DIFFERENT coach, different management. Same dilemma for the Newcastle Knights.
As rugby league fans wait anxiously for news about Kalyn Ponga's prognosis, mistakes from a bygone era come flooding back to mind.
It's hard to imagine there is a club in the NRL with a more dubious track record of dealing with the issue of concussion than the Knights.
I was at Brookvale Oval in 2011, when fearless Newcastle forward Richie Fa'aoso reeled out of an attempted tackle, fell over several times as he staggered around like a drunken sailor, and yet was allowed to play on. After he was eventually replaced, he returned to the fray as a second-half replacement.
Then Knights coach Rick Stone explained at the post-match press conference: "Richie can look untidy when he gets knocked out, but he comes to fairly quickly.
"Sometimes giving a bloke a couple of minutes to clear his head doesn't look good on TV but ... I wanted to give him a minute or two to reassess where he was at."
The images were so confronting that within days the NRL moved to introduce new, more stringent concussion protocols. Fa'aoso, nonetheless, backed up to play a week later.
Four years down the track, in what coincidentally would be Stone's last match as a head NRL coach, Knights winger James McManus suffered a brutal head knock against South Sydney that would not just end his career, but change his life forever.
McManus subsequently sued the Knights, alleging that in his final season he had been concussed seven times in less than five months, either during games or at training, suffering a "tramuatic brain injury" in the process.
His landmark law suit was eventually settled out of court - after which the NRL declared "this long-running matter has been resolved in the Knights' favour" - but not before harrowing evidence emerged, including revelations that McManus had been left with a range of issues including impaired cognitive function, impaired memory, anxiety, lethargy, sleep disturbance, depression and the risk of long-term dementia. One document filed on his behalf estimated that the former NSW Origin representative had a life expectancy of just 53.22 years.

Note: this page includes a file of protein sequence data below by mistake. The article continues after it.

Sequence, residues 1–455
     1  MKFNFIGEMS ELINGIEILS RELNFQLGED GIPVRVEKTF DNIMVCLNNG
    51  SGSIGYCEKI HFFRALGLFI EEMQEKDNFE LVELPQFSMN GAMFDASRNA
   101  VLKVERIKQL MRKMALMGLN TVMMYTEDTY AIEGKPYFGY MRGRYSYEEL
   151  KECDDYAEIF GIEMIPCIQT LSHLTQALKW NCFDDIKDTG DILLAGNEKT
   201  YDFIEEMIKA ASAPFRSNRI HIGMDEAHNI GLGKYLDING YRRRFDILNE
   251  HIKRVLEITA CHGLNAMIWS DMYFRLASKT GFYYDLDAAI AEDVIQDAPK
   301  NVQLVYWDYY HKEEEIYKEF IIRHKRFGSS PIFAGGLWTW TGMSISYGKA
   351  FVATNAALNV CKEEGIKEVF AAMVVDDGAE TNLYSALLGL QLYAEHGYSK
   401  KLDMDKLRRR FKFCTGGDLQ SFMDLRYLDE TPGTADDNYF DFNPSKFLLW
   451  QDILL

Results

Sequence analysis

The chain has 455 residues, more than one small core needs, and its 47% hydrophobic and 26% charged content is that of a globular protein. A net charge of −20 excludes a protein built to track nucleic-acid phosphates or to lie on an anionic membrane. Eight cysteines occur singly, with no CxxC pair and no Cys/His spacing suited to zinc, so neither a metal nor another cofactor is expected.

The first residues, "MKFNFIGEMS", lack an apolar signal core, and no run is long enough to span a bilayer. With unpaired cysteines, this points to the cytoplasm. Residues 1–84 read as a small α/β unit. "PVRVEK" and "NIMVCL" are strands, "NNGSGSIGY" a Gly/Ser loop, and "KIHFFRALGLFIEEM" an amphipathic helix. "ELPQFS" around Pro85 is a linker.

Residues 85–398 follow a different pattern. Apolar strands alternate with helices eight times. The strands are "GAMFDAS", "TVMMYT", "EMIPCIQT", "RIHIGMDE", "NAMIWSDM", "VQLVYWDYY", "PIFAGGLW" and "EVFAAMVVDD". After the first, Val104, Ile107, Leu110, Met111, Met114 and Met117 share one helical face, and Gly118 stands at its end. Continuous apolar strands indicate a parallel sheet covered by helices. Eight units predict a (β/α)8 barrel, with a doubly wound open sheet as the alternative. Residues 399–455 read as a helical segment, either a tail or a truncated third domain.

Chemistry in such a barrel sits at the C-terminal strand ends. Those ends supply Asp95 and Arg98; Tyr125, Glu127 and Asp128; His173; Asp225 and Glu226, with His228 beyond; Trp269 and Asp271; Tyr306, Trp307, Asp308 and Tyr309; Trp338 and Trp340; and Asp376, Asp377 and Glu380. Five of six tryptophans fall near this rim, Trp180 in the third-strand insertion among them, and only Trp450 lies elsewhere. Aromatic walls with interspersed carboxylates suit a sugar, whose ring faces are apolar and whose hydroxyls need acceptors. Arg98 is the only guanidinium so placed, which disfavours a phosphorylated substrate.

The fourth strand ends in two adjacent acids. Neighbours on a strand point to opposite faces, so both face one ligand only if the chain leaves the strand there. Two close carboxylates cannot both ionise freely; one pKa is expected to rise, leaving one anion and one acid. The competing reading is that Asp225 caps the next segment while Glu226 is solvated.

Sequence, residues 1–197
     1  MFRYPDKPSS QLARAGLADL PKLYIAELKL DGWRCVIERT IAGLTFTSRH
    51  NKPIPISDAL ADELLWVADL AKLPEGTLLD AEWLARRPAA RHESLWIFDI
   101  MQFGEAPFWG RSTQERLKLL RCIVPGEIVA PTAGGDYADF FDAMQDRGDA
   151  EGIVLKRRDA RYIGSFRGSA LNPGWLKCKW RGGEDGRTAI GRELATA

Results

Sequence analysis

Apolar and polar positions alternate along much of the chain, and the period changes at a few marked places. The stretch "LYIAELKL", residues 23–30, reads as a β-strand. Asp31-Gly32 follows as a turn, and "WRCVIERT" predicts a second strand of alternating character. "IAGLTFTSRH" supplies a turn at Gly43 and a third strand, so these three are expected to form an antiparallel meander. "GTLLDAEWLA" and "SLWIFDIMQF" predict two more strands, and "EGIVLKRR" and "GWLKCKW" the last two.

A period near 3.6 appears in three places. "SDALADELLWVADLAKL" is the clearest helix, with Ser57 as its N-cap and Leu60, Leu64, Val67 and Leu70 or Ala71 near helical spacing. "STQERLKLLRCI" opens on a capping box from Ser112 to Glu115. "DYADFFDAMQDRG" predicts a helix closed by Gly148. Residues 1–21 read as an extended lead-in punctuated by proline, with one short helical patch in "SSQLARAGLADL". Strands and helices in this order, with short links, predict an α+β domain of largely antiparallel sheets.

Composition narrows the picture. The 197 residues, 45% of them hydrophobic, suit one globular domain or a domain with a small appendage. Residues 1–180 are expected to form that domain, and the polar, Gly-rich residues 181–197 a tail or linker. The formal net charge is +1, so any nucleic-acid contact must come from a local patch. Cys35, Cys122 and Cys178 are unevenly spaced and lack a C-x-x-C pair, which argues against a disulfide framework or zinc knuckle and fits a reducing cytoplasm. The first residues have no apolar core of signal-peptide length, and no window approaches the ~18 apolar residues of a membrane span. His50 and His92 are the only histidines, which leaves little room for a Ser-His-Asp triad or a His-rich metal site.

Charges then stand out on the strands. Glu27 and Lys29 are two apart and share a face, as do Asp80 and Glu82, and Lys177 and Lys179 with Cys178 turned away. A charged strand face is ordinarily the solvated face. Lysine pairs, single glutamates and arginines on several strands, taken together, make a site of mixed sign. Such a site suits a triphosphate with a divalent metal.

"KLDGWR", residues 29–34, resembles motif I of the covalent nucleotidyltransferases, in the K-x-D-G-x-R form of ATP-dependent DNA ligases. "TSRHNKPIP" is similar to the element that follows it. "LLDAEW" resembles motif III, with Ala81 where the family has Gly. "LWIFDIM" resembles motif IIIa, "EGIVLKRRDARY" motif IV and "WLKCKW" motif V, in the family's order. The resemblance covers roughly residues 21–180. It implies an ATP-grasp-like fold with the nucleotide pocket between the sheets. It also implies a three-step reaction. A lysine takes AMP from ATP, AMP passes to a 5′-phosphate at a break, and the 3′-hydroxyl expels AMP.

Within weeks of McManus launching his unprecedented legal action, the Knights were back in the spotlight when fullback Brendan Elliot was allowed to play on after being knocked senseless in a 2017 match against the Rabbitohs, prompting widespread criticism and a $100,000 fine ($50,000 suspended) from the NRL.
All of which, as stated previously, occurred on the watch of previous Newcastle officials and coaches.
Now we wait to learn if Ponga, the highest-paid player in the club's history, becomes the latest chapter in a tale of woe. Five times this year, Ponga has required a head-injury assessment. At least 10 times in the past four seasons.
Yet the only game he has missed after an HIA was Newcastle's recent clash with Gold Coast. On that occasion, he was ruled out because of a mandatory NRL stand-down policy, and the Knights were far from happy.
Consistently the Knights have maintained that Ponga has passed all his protocols, is suffering no lingering symptoms, and has been cleared to play by neurological experts. Fair enough. While Ponga has left the field numerous times for HIAs, none have been after textbook knockouts that required him to be carried from the field on a medicab.
Yet there seems plenty of anecdotal evidence that the effects of concussions are cumulative. Small knocks, in other words, can eventually create big problems.
The bottom line would appear to be that, with hindsight, there has been no shortage of warning signs, yet only now is it apparent that the Knights might have an unthinkable outcome on their hands.
Hoping for the best, unfortunately, is no safeguard against the worst-case scenario potentially unfolding.
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